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Recent advances in technology allow the compression of enormous amounts of data into tiny packages, and the Cowon iAudio7 is testimony to the fact. Yes, here's a robust little player with a lot of storage space.
But does the iAudio7 provide you all that you desire from an MP3 / PMP / data storage device? That’s what I decided to find out.
Don’t let the pictures fool you. (They did fool me, by the way.) When I first saw the iAudio7 I was under the impression that it was a PMP, since it played movie files. So naturally, my first impression was that it would have a decently large screen.
Of course, when I read the specs I realized that wasn't so. The iAudio7 has only a small 1.3 inch screen with a resolution of 160x128 pixels sporting 256k colors. While clear enough, this is not good enough to watch movies – you’ll need a magnifying glass. Honestly, I’m not sure why they even included the feature.
The iAudio7 is extremely lightweight at just 60 grams. It’s also small enough with dimensions of 35.6 x 76.1 x 19 mm, so you carry it around quite easily. It has a 3.5mm earphone socket, so you can use your own earphones (not that you’ll need to). Alongside is a Line-In socket.
On the top are the mic, hold/slider for power, a menu key, and the volume keys. On the right is a flap that hides the USB port and reset key. The iAudio7 may look like a pudgy little player but it’s actually quite sleek, lightweight, and easy to use.
The player is a compact bundle of audio, video, radio, and recording. Packed with options to record from the integrated FM radio or through the built-in mic, the device can be used as a dictaphone as well. There are plenty of settings to please music connoisseurs as well.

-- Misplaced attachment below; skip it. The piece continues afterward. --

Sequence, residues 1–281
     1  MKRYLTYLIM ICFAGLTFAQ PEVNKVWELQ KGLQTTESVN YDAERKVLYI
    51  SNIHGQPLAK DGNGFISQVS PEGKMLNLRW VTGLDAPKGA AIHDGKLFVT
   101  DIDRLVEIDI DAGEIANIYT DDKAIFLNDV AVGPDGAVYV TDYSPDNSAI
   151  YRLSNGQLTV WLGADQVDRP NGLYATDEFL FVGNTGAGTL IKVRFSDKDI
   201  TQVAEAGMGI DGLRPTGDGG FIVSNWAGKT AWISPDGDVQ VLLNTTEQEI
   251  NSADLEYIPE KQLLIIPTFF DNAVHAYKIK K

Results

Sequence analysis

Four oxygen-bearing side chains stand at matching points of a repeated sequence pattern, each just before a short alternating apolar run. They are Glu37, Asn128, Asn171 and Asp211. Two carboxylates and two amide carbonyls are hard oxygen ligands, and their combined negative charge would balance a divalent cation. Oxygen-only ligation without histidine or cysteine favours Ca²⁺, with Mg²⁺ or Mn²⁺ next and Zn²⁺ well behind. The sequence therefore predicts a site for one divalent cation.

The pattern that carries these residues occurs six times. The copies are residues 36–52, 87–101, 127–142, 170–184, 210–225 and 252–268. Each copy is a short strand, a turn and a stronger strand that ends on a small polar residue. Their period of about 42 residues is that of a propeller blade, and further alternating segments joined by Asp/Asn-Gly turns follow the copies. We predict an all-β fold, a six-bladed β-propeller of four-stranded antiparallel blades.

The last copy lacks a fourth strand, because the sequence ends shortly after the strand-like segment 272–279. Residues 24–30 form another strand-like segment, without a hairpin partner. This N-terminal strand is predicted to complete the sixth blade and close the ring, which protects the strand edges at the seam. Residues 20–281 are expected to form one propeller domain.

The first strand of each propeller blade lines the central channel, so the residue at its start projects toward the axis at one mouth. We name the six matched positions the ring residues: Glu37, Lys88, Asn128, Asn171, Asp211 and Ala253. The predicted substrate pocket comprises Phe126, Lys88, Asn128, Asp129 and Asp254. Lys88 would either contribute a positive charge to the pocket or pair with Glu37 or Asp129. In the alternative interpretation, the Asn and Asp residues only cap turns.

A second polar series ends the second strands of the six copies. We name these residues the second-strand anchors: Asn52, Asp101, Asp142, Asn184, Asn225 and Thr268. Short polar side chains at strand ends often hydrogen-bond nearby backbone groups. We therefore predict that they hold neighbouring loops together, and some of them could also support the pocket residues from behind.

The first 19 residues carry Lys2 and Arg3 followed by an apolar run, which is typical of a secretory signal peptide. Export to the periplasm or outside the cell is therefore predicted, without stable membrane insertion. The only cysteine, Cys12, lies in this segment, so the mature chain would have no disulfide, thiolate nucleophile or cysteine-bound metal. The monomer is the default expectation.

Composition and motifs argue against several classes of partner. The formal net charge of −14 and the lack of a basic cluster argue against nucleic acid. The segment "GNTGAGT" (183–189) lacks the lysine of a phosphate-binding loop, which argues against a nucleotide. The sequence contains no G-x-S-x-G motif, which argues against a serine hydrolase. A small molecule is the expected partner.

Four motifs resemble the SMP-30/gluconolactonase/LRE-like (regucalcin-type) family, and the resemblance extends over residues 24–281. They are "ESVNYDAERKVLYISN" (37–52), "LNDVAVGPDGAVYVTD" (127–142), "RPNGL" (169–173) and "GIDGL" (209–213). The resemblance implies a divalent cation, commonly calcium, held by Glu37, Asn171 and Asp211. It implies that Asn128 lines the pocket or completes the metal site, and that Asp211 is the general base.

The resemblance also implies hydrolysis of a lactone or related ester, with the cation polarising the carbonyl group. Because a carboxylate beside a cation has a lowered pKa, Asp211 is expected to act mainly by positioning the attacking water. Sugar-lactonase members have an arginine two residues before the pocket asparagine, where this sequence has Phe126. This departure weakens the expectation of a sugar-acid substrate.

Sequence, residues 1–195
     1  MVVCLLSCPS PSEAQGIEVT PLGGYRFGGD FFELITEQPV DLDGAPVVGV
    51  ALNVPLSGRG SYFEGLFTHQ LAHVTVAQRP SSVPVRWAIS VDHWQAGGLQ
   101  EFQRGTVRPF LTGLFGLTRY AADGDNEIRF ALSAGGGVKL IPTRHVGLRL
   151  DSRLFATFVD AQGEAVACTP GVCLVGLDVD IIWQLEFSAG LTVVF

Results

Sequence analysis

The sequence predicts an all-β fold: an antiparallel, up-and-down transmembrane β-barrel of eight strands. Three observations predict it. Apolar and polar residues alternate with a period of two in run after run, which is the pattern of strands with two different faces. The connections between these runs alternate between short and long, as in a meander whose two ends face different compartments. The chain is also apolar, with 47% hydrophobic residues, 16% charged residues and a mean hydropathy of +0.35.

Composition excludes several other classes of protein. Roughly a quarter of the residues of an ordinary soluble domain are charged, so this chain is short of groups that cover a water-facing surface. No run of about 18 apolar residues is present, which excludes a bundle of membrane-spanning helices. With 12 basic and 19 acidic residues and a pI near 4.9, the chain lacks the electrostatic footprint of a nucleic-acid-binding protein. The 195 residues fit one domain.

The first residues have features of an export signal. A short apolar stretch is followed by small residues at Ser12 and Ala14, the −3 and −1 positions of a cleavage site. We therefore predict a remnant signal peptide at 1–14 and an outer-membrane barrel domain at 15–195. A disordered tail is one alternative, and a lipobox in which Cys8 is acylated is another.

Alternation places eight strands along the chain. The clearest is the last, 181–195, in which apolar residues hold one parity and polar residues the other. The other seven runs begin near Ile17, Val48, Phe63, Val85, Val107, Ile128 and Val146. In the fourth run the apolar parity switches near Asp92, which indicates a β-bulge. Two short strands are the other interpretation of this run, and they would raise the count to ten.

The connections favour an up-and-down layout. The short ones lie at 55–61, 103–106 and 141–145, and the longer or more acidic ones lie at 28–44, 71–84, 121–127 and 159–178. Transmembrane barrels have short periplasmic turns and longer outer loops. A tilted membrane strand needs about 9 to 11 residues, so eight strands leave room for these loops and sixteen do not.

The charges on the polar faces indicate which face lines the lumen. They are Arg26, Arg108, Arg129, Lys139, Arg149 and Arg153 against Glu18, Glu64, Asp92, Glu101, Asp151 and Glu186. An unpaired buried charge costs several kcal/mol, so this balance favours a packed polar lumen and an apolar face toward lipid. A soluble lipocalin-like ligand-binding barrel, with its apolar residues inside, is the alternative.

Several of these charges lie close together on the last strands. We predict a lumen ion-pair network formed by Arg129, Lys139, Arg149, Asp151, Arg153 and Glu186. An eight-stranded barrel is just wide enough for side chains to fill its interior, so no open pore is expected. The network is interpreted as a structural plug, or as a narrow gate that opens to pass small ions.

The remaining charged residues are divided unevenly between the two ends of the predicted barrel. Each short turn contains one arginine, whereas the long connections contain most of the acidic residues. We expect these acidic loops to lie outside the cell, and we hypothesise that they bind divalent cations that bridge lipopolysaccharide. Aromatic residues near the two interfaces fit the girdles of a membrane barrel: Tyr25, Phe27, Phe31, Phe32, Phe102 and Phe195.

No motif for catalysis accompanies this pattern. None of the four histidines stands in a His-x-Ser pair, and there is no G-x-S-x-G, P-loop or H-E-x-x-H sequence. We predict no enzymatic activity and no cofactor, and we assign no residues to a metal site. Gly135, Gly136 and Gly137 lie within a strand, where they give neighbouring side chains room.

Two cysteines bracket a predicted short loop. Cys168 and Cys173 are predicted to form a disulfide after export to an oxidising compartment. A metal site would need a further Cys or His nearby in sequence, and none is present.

EQ presets and a customizable 5-band graphic EQ are evident, as also 3D Surround, Mac 3 Bass options, panning and even an MP3 Enhance mode that really does enhance the sound quality.
Apart from viewing JPEGs to watching videos and listening to the FM radio and podcasts and even recording conversations, the iAudio7 lets you read documents via its .TXT reader. It reads MP3, OGG, WMA, ASF, FLAC, and WAV formats, and MPEG4 for video playback.
In a word, the iAudio7 is brilliant. It does everything it’s been designed to do with ease and offers not just adequate quality but goes a bit beyond. The bundled earphones are comfy and provide great sound.
The bad thing is the darn wire was just too short for my liking. Nevertheless, besides being clear it was loud enough to drown out ambient sounds when still a few bars shy of peak volume.
On the whole I could find nothing wrong with the kind of sound quality. The FM radio pickup was good and even the mic pickup was better than average. The battery life was simply great. I took it with me on a trip and didn’t need to charge it for seven days!
Now it’s not as if I was listening to music all the time, but after a whole audio book, over seven hours of flying time, a few hours in some airports, a few more hours here and there – and it still had some residual juice to last a little longer. Simply superb.
Transferring data to and from the device is quick and easy using mini USB 2.0.
Here’s the problem: the iAudio7 is priced at Rs 12,500 for the 8 GB and Rs 9,500 for the 4 GB model. This may seem frightfully high, but considering the device gives so much storage space, loud and clear sound, and many features, all in a small, lightweight, user-friendly package, I'd say it’s a steal. And let’s not forget the great battery life.
Now, if only they could find a way to support Bluetooth v2.0 with A2DP compatibility (for the same price of course), I'd have given it a 5-star rating. But nothing's perfect... though this does come close.